Click here to read the full post.

By: Loren Gesinsky and Meredith-Anne Berger

October 17, 2016

FINRA Brushes Back Courts and Others Crowding Its Home Plate for Exclusive Dispute Resolution

Recently, FINRA published Regulatory Notice 16-25, avowing its staying power as the exclusive forum for the resolution of employment and other business-related disputes between members and associated persons. Despite efforts by a growing number of parties to contract away from the FINRA forum (for reasons such as those summarized here), with the support of certain courts, FINRA has doubled down on its position that any agreement signed by an employee waiving his or her right to arbitration through FINRA is unenforceable.   

Click here to read the full post.

By: Cameron Smith, Cliff Fonstein, and Anshel Joel "AJ" Kaplan

August 17, 2016

SEC Targets Employment Agreements Requiring Waiver of Whistleblower Awards

The SEC’s Office of the Whistleblower continues to examine employee severance, settlement and confidentiality agreements for language that might chill reporting of securities violations to the SEC and other regulators. The SEC announced on August 10, 2016 that BlueLinx Holdings, a building products distributor, will pay $265,000 to settle charges that its severance agreement violates Rule 21F-17 by requiring departing employees to forego whistleblower bounty awards and using confidentiality language that restricts reporting of possible securities law violations. The Order is available here.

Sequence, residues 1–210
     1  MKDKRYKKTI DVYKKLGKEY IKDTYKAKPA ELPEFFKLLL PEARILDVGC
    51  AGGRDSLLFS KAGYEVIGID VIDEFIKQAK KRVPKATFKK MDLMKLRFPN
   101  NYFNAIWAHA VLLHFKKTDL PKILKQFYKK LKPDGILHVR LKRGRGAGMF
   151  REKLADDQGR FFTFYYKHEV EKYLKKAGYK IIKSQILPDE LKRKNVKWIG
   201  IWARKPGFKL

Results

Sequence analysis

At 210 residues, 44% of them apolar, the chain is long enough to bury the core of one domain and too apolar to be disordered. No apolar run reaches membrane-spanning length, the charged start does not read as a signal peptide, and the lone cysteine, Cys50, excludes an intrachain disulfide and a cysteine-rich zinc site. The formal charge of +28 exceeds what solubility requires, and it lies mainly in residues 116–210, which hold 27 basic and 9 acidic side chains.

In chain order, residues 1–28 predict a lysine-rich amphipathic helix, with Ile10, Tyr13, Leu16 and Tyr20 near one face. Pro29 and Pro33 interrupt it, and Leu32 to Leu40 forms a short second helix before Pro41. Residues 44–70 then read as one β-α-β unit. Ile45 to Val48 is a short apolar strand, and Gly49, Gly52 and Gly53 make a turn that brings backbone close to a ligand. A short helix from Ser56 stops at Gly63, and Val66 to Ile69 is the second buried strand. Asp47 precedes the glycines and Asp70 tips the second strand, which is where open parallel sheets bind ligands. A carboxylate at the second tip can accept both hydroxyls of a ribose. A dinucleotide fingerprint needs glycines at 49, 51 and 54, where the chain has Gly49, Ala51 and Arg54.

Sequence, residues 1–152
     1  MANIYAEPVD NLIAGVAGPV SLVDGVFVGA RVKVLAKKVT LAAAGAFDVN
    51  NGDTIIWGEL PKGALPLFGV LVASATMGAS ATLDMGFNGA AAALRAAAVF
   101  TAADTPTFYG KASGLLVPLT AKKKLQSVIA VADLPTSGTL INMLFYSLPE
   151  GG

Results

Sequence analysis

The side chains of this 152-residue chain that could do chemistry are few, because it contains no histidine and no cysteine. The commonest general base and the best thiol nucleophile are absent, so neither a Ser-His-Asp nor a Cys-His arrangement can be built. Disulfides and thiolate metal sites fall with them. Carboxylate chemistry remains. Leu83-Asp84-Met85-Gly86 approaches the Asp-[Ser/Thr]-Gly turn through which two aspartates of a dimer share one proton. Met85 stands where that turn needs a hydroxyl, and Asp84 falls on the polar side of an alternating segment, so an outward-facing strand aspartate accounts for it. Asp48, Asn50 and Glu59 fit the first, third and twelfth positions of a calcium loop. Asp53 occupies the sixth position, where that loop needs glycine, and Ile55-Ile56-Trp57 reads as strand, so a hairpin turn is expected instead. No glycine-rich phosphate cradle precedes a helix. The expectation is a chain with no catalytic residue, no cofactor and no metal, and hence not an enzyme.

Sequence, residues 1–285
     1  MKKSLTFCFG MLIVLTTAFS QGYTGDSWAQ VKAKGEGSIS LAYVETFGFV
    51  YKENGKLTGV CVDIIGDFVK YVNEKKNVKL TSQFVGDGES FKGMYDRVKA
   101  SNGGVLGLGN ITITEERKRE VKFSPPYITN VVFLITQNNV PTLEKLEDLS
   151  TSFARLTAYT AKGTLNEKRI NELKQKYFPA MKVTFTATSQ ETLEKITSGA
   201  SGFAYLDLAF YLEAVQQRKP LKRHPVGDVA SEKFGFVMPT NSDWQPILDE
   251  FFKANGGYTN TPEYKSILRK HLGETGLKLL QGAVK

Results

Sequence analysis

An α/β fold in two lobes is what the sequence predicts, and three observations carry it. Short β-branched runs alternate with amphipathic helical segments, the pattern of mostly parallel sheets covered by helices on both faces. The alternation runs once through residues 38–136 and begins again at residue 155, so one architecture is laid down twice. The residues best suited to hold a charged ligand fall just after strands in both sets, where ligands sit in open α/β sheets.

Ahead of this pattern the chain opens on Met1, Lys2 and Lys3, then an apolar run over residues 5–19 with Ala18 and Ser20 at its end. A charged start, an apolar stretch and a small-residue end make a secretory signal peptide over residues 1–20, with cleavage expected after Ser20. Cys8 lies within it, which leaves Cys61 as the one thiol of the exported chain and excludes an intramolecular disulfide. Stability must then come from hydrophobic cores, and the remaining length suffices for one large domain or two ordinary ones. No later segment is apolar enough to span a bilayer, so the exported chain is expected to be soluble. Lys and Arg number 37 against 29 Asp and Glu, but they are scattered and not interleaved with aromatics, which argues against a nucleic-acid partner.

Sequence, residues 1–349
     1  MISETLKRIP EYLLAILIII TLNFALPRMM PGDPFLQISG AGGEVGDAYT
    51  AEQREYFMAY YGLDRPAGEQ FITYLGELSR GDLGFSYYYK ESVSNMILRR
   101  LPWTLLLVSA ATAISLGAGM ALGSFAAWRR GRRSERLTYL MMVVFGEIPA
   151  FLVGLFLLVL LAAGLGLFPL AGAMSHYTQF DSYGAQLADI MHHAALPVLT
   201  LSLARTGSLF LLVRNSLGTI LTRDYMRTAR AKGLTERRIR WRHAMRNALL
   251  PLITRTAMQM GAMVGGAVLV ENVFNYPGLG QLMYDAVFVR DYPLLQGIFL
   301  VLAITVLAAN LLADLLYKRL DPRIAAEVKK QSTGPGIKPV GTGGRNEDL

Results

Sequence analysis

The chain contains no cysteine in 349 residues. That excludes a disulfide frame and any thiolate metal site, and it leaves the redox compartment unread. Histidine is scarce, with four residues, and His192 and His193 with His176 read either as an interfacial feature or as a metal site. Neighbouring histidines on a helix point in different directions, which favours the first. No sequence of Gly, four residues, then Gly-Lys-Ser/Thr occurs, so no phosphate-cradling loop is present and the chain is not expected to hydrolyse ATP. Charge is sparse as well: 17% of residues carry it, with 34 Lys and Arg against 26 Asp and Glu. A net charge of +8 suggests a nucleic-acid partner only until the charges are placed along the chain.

Click here to read the full post

By: Cameron Smith and Cliff Fonstein

August 8, 2016

FINRA Award Numbers Show Declining Employee Win and Recovery Rates

Seyfarth Synopsis: The Securities Arbitration Commentator (“SAC”) recently published its 2015 award analysis survey. Since the last survey in 2013, there has been a slight increase in the number of employment arbitrations resulting in awards, but a notable decrease in win and recovery rates by employees against member firms.

The SAC’s 2015 survey examines securities industry arbitration awards (mostly FINRA awards) issued in 2015 and analyzes them in the context of awards from a 7-year period (2009 through 2015). While the majority of awards issued each year are for customer cases, and a good deal of the SAC analysis concerns customer cases, SAC has broken out numbers for employment cases. Unlike the caseload for customer cases, which roughly follows the ups and downs of the economic cycle, the number of employee claims proceeding to award has increased slightly. In 2015, for example, employees arbitrated 173 employment claims to award against their employers. While this was a decrease from 202 cases the previous year, both 2014 and 2015 exceed the average of 162 cases a year from 2009 to 2015, and the average of 156 cases per year from 2007 through 2013. The SAC speculates that the peak of 202 cases in 2014 may be explained, at least in part, by the steady increase of “independent” expungement claims by brokers to remove customer complaints from their records, which comprised 54 employee-initiated cases against member firms in 2014.